The UK environment secretary told MSPs that he could make no announcement on whether the government would adopt the Committee on Climate Change report recommendations.
Appearing before Holyrood's environment committee, via video link, to discuss the impact of Brexit, Mr Gove was pressed on when the UK government would respond to the CCC report.
He said: "I'm afraid I can't make that announcement. One of the things about the UK government structure, in the same way as the Scottish Government has overlapping responsibilities, there are overlapping and separate responsibilities between mine and Greg Clark's department [business, energy and industrial strategy], and his is the lead department when it comes to responding to this report."
He added: "I have the very highest regard for the work of the CCC and their report makes a number of very powerful arguments which I welcome but the official government response will come later and from Greg. But I hope you can take from my comments my gratitude for the CCC's work, my appreciation of the urgent need for us all to do more and my acknowledgement that the Scottish Government and parliamentarians from every party are making the case for more urgent action as well which I welcome."
When asked by Scottish Green MSP Mark Ruskell if all UK government policies should be reviewed in light of the climate emergency, as has been announced by the Scottish Government, Mr Gove agreed.
"A whole range of policies will need to be reviewed: how we build homes and where we build them, to land use, to the whole question of not just energy generation itself but also how we decarbonise particularly energy intensive parts of the economy for example in steel and concrete production. I think we also need to look at how we design our transport system and we need to look at how we get more investment in science and innovation.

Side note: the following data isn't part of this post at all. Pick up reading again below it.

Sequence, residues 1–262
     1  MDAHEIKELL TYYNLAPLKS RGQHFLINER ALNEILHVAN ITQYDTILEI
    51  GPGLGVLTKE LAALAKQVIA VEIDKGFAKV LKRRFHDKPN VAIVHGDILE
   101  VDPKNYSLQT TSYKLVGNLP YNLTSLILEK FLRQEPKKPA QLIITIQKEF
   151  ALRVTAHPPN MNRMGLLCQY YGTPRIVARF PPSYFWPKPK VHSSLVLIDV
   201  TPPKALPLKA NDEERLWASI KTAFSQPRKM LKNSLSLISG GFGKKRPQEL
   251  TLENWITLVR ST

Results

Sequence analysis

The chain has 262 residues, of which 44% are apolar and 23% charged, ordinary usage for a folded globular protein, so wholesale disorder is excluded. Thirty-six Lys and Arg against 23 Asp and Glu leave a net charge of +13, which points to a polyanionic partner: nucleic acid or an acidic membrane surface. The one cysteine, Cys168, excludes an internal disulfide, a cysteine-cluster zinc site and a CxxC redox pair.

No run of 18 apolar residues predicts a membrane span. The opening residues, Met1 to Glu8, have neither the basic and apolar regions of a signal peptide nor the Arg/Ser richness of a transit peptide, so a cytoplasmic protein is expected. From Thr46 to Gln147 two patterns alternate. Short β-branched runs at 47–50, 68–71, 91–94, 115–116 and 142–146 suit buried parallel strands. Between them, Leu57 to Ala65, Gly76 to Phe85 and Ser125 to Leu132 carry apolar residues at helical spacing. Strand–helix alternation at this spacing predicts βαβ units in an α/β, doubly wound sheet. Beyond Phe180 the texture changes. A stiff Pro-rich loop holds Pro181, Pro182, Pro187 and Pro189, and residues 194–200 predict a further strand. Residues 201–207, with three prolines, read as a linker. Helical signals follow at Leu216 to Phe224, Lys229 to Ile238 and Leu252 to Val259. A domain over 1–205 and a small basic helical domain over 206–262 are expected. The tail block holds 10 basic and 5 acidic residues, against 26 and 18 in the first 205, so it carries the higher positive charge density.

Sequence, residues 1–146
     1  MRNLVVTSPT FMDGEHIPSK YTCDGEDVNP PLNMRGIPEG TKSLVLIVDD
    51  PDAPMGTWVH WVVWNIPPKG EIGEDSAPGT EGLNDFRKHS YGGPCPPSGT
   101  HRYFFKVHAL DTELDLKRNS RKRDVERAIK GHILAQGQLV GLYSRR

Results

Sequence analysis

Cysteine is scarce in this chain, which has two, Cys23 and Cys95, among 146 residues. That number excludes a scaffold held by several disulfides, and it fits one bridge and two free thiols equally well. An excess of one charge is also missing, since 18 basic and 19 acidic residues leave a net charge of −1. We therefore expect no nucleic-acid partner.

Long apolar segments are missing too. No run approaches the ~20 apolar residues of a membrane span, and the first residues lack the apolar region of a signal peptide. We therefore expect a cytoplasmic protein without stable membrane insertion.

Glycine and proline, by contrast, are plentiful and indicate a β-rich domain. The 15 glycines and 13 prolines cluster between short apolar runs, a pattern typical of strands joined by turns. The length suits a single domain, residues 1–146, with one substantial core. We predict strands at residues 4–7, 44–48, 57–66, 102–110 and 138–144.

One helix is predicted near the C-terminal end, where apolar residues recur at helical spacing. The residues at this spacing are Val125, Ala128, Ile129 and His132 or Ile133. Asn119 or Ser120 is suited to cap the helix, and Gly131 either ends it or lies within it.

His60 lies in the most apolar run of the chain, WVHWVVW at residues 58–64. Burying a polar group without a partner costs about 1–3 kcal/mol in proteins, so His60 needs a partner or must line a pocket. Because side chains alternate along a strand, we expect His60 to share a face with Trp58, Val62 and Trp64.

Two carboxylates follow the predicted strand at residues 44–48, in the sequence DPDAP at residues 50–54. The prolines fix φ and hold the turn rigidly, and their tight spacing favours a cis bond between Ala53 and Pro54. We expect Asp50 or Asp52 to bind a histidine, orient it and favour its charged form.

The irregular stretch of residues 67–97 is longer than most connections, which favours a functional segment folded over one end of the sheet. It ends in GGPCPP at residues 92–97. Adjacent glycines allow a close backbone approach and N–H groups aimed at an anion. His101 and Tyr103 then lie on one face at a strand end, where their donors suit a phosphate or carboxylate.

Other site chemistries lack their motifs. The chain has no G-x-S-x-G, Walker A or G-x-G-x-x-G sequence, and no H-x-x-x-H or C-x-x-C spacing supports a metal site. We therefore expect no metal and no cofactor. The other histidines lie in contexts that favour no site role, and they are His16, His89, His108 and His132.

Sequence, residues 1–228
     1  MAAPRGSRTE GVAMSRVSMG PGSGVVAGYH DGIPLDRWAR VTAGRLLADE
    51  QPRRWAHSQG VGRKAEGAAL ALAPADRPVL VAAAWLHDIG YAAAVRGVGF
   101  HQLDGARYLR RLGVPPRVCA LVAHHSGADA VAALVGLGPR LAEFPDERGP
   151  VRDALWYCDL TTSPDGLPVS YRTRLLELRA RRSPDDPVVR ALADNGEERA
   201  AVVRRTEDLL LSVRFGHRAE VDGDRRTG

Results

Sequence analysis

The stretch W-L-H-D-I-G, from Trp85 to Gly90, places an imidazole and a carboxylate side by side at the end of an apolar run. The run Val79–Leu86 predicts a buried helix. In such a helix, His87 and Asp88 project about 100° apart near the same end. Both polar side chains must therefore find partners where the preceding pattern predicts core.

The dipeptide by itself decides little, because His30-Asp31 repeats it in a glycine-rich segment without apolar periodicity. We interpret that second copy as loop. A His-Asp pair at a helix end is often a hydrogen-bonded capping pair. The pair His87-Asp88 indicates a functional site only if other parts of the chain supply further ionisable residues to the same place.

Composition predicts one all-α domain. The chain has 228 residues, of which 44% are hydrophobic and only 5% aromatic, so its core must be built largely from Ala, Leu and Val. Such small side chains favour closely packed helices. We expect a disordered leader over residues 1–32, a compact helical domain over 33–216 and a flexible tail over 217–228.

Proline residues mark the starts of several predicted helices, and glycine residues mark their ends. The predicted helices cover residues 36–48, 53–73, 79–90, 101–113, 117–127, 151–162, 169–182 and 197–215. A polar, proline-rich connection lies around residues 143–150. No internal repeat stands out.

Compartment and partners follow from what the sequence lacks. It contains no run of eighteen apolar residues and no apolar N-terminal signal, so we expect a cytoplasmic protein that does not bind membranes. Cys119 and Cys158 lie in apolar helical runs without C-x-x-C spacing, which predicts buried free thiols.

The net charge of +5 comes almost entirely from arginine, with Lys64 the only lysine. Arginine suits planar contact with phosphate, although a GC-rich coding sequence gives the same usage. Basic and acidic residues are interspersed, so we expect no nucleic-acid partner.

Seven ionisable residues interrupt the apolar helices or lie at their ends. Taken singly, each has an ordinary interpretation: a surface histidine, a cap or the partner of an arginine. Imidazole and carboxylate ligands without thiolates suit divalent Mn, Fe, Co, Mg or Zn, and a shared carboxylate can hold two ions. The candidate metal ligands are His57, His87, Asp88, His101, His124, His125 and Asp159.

"It's an issue for every department in the UK government - there isn't a part of government that isn't affected by the challenge of climate change and the need to respond."
However when pressed for an answer on ruling out a third runway at Heathrow, Mr Gove said: "The proposal to develop a new runway has been carried forward by Heathrow and by the department of transport in a way that is sensitive to climate change and to air quality. There are lots of opinions about the future of aviation but most people recognise it will continue to be an important mode of transport in the future there are technological advances coming down the track to significantly reduce the impact on the environment of aviation."
And on targets to phase out petrol and diesel cars, he added: "All targets need to be kept under review. If you set an ambitious but achievable target and people are on course to meet that then you can make the target a bit more ambitious again."
But after the environment committee, convener Gillian Martin said: “Climate change is a real and serious threat. I was disappointed that Michael Gove refused to commit to the CCC report’s targets. He has a duty to respond quickly, as the Scottish Government already has.
“Scotland takes our global responsibilities seriously. While we already proposed some of the toughest targets anywhere in the world, we’ve committed to do more and go further – following the best advice available.
“But we can only do so much on our own. The UK government must play its part – and Gove’s failure to sign up to the action required threatens not just the rest of the UK, but also Scotland’s ability to meet our new net zero target date of 2045.
“The Tories must recognise that we face a climate emergency that requires action today. They should stop dragging their feet and commit to the recommendations of the Committee on Climate Change.
“It’s time for the UK to follow Scotland’s lead – we can’t let the Tories hold Scotland back.”
And Mark Ruskell added: “This is a climate emergency and there is no time to waste. Last week’s report from the Climate Change Committee is crystal clear that the first step is to announce a net-zero emissions target for the UK. The UK Government must take the lead, but they appear rudderless and unable to make the rapid and decisive decisions that are needed.
“I was disappointed that Michael Gove, having apparently recognised the climate emergency, came to the Committee with little new to say and no clarity as to how and when the UK Government will respond. All policies need to be reviewed now to increase ambition and ensure they’re aligned behind a zero carbon target, including scrapping plans to expand Heathrow and ratcheting up ambition on phasing in electric vehicles.”